Luohan Academy

Unlocking Digital Competition

Event materials

  • Transcript

Jason Furman is the Professor of the Practice of Economic Policy jointly at Harvard Kennedy School (HKS) and the Department of Economics at Harvard University. He served as the 28th Chairman of the Council of Economic Advisers. Furman has conducted research in a wide range of areas, including fiscal policy, tax policy, health economics, social security, technology policy, and domestic and international macroeconomics.

Professor Furman presented his views on digital competition, where he introduced a framework to think about the good sources and bad sources of digital growth, and gave suggestions on regulating digital competition.


Steve Tadelis:

Now we're going to go to our last invited speaker before we go to the open session, I do want to acknowledge that we're a little bit behind, about 15 to 17, 18 minutes, but hopefully that will still leave us enough time. Jason needs little introduction. One of us that has straddled academia and policy in ways that few have. I also like that, I'm kind of sandwiched between Eric and Jason because probably close to 30 years ago, Eric taught microeconomics to me and many others. And I was the teaching assistant who helped Jason go through some of the stuff and I hope I was useful. So, Jason takes it away.

Jason Furman:

Great. Well, you can be the judge as to whether or not you were useful. Steve, I will stay within my eight minutes and I don't need a reminder until it's too late. Have a few slides to share. 

This is the market for beer. This product is much older than any of the digital products we're talking about by several millennia in the United States and around the world. Most of the beer we have now is made by two companies, Anheuser-Busch InBev and Heineken. This consolidation is something we've seen in a wide range of industries throughout the economy. As I hope I learned correctly saying increased concentration could mean that there's more competition that Walmart comes in. It's really efficient. It drives others out and there's more competition. But it could also mean less competition, if it's the result of less antitrust enforcement, greater regulations and other barriers to entry. I think in some sectors of the economy, it's pretty clear that the increased concentration is good.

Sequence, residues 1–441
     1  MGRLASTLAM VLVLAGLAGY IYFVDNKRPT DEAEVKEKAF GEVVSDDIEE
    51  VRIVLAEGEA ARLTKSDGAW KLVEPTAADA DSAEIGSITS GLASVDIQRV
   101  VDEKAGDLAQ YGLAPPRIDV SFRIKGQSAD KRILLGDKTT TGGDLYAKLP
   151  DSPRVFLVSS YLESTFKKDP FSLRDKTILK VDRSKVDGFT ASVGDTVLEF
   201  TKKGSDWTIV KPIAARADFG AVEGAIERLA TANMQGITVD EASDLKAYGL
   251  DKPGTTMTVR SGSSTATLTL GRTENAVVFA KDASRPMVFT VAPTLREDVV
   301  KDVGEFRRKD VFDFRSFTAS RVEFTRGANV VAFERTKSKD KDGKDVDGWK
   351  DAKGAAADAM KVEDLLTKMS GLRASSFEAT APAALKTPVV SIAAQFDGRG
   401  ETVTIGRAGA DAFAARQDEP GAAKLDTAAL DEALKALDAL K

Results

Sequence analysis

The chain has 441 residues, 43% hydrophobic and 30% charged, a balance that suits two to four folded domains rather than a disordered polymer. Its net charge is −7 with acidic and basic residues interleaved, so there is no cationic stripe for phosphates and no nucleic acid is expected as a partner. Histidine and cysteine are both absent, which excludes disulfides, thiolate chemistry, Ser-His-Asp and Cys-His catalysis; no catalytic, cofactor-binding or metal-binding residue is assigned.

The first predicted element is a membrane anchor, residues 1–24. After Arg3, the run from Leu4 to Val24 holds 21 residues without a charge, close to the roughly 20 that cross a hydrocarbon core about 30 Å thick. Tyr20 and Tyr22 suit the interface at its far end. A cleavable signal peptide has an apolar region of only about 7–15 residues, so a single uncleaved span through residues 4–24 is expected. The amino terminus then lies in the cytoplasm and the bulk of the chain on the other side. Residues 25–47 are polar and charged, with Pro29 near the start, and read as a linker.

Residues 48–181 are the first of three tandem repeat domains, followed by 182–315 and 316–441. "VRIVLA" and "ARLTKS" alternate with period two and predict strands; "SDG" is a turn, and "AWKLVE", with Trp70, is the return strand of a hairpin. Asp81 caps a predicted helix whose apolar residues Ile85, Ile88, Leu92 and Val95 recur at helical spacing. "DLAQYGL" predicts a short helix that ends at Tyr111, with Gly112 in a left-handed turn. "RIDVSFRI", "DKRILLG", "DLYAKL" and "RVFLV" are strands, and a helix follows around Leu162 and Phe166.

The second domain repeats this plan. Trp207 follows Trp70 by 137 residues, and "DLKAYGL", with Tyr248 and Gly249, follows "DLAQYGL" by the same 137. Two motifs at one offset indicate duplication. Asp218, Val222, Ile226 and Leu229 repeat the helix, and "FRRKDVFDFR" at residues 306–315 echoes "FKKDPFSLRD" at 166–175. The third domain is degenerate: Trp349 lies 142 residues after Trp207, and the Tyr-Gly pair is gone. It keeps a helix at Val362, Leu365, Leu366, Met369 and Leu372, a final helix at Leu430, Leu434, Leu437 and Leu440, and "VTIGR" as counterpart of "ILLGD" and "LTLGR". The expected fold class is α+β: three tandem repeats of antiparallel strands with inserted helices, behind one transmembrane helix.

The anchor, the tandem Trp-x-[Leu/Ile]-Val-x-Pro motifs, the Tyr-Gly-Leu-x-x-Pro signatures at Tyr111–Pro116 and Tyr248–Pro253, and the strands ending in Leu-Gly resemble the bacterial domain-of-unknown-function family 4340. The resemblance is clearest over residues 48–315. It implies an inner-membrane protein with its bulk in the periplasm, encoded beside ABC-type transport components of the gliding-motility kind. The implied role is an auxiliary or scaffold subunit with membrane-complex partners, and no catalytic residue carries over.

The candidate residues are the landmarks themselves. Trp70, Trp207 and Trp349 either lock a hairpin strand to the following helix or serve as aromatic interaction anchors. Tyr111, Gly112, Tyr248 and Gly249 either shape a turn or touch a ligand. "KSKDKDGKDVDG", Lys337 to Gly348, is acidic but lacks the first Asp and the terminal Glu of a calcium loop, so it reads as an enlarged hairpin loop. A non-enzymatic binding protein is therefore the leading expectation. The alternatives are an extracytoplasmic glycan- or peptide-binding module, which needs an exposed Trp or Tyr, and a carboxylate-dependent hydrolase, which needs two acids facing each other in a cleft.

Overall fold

In the retail sector, which is in blue. You see more concentration, but you see lower markups and big gains in efficiency. In the healthcare sector, I think that's an example of a problematic increase in concentration in the United States. You see a similar increase in concentration to retail, but you see larger markups and very few gains in efficiency. Broadly speaking, hospital mergers let you raise prices. They don't actually let you do anything a whole lot better.